It wasn’t always that way. Founder Harry Culver had emphasized the need for a solid economic base. The motion picture industry, which in the 1920s and ‘30s found the city’s wide-open spaces ideal for back lots and filming, was a boon.
Enticed by Culver, Thomas Ince had built the town’s first studio, Ince/Triangle Studios -- later Goldwyn Studios and then Metro-Goldwyn-Mayer. (Since 1990, the lot has been the headquarters of Sony Pictures Entertainment, which employs 3,300 people in or near Culver City.)
Hal Roach Studios filmed Laurel and Hardy silent comedies around town. Other movies filmed there include “Meet Me in St. Louis,” “Citizen Kane,” “Gone With the Wind” and “The Wizard of Oz.”
But by the early 1990s the city had lost most of the military, aviation and entertainment jobs that had created a strong local economy, if not a scintillating social scene. Much of the city became blighted.
In 1992, “other managers told me our basic job was to slow the rate of decline,” said Mark Winogrond, then the director of community development who was later credited with implementing the downtown revitalization. “I viewed Culver City as a town trapped in 1958 trying desperately to get into the 1970s.”
Even though Culver City’s motto continued to be “The Heart of Screenland,” Winogrond said, some residents had grown distant from the city’s rich history as a production hub for motion pictures and television.
The revival plan aimed to celebrate that connection. It called for downtown to be bookended on one end by Sony and the Kirk Douglas Theatre (a lovingly refurbished former movie palace) and on the other by Culver Studios and the Actors’ Gang Ivy Substation. Movie theaters, long absent, would help lure patrons, for whom public garages would provide ample free parking.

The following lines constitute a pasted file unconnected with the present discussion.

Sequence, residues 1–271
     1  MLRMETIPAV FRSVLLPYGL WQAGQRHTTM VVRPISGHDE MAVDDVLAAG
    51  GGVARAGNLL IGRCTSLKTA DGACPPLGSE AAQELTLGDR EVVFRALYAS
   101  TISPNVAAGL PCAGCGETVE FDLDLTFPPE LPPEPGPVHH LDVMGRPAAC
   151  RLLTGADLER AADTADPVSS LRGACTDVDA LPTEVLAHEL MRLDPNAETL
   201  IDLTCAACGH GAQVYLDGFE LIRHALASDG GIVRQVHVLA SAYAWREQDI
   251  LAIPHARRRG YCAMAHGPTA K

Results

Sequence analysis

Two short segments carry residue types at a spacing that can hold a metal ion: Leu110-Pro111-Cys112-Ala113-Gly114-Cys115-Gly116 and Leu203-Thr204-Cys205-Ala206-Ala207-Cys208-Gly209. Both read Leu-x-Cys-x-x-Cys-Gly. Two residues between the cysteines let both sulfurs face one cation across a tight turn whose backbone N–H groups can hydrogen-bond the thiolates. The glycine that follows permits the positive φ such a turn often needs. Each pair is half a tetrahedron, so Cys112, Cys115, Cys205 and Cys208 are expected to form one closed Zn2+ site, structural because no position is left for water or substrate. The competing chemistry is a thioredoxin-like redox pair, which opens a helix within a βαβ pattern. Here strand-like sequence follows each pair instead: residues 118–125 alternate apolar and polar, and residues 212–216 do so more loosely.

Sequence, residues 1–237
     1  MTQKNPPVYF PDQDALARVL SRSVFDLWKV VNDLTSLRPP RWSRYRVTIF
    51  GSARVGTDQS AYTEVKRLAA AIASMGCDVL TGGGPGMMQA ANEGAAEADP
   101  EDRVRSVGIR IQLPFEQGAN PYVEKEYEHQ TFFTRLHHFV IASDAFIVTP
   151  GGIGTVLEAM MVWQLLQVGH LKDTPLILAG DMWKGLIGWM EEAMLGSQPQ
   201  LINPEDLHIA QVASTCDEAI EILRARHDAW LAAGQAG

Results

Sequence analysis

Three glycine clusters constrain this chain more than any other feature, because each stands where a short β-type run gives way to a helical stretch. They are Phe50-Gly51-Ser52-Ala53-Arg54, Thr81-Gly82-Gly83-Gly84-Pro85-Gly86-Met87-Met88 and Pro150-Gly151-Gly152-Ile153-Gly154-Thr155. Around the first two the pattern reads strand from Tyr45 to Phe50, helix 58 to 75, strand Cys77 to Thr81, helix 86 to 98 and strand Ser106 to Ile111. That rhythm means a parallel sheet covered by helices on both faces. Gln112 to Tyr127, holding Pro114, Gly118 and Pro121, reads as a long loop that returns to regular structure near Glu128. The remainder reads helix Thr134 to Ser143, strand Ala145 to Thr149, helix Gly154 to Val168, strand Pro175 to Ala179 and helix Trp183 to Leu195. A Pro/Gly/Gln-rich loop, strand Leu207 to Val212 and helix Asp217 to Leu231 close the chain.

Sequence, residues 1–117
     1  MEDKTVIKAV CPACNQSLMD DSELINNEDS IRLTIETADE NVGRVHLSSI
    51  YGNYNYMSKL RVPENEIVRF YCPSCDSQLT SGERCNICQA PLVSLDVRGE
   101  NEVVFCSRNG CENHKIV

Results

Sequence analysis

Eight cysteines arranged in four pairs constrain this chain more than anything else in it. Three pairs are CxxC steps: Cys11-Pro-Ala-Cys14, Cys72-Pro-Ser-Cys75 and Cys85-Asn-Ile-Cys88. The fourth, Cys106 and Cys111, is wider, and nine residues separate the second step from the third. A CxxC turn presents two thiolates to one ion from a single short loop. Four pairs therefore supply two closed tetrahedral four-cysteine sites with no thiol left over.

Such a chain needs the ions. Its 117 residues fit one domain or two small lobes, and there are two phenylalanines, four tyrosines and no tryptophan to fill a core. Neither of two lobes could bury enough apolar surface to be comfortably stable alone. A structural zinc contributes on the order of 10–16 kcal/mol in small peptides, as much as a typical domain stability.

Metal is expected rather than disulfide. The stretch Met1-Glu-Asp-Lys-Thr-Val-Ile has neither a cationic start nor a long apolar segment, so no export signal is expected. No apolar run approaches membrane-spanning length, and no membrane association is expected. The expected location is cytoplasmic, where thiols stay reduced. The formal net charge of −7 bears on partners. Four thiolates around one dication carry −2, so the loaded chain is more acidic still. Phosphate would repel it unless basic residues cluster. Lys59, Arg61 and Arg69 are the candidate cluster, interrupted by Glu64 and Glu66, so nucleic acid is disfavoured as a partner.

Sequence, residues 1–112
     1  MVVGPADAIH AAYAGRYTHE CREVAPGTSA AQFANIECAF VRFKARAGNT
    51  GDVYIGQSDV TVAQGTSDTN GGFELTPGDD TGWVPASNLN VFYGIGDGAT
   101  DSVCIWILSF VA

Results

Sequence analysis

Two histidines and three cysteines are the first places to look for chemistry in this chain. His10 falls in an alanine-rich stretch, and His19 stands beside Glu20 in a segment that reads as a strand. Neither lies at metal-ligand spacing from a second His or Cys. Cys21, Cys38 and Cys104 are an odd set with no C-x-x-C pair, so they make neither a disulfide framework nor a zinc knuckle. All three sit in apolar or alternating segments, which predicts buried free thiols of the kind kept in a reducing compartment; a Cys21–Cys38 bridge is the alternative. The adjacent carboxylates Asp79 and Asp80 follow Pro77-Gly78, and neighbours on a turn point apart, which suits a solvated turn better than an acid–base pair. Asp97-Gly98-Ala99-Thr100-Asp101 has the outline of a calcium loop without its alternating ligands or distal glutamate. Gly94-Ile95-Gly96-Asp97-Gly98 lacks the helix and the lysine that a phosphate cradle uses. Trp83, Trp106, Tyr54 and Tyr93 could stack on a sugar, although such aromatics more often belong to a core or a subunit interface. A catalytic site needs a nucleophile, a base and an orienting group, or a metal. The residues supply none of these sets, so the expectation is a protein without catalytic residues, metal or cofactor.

With the city providing incentives, such as helping to negotiate favorable leases and pay for remodeling, businesses gradually repopulated the area.
Meanwhile, developers Frederick and Laurie Samitaur Smith were revamping the Hayden Tract, the largely abandoned industrial sector along National Boulevard just east of downtown. Architect Eric Owen Moss’ futuristic designs for what the Smiths call Conjunctive Points attracted postproduction companies and Internet-related firms. More recently, the captive audience of office workers, as well as the prospect that the light-rail Expo Line could soon be transporting commuters along National, has helped spur the opening of trendy cafes.
Redevelopment officials also have their sights on the area near Westfield Fox Hills, a shopping center in southern Culver City that’s undergoing a $160-million face-lift. Nearby, developer Robert Champion floated ideas for building a massive mixed-use project on an arguably underused stretch of Sepulveda that features tire shops, banks and other businesses.
Leery of traffic, neighbors revolted and Champion backed off. Sensitive to the opposition, the City Council revised a mixed-use ordinance to scale back the allowable heights and densities.
Bonnie Zucker and her husband, Eric Magnuson, who moved to Culver City five years ago, say they enjoy the downtown’s new walkability and hope that the metamorphosis continues.
“Clearly, Culver City is on the rise and will continue to be,” said Zucker, a UCLA psychologist.
For Akasha Richmond, who recently opened her namesake restaurant in a landmark brick building downtown, Culver City sparks comparisons that would have been unthinkable in Harry Culver’s day.
“I feel the collective energy of all the creative people in the area,” Richmond said, “just like in New York.”
On latimes.com A city’s renaissance For more news about the rebirth of Culver City, go to latimes.com/culver.